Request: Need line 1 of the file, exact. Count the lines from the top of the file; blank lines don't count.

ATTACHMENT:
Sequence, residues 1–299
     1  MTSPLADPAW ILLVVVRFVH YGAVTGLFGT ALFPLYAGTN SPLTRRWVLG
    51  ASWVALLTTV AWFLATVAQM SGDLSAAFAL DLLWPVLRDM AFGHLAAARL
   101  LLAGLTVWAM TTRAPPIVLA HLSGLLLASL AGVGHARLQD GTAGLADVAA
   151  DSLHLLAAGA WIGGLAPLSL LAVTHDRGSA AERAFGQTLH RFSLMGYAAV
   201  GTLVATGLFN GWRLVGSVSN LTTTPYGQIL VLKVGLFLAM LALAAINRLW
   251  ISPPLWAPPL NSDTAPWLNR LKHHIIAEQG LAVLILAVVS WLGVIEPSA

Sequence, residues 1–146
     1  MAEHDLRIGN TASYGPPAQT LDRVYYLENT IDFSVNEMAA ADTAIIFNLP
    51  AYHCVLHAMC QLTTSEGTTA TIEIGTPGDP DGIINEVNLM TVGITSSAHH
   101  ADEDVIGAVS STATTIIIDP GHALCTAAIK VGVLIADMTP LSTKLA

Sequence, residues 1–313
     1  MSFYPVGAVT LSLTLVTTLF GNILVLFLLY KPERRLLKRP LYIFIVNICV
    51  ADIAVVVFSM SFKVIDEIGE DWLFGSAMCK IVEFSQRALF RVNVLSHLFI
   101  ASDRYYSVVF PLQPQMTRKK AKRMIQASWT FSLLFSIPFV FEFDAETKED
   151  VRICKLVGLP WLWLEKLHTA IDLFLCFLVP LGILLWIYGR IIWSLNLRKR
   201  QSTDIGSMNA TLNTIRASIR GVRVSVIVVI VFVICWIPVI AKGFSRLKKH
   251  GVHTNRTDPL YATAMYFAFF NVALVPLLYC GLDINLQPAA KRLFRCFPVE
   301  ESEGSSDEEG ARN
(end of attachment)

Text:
Sequence, residues 1–299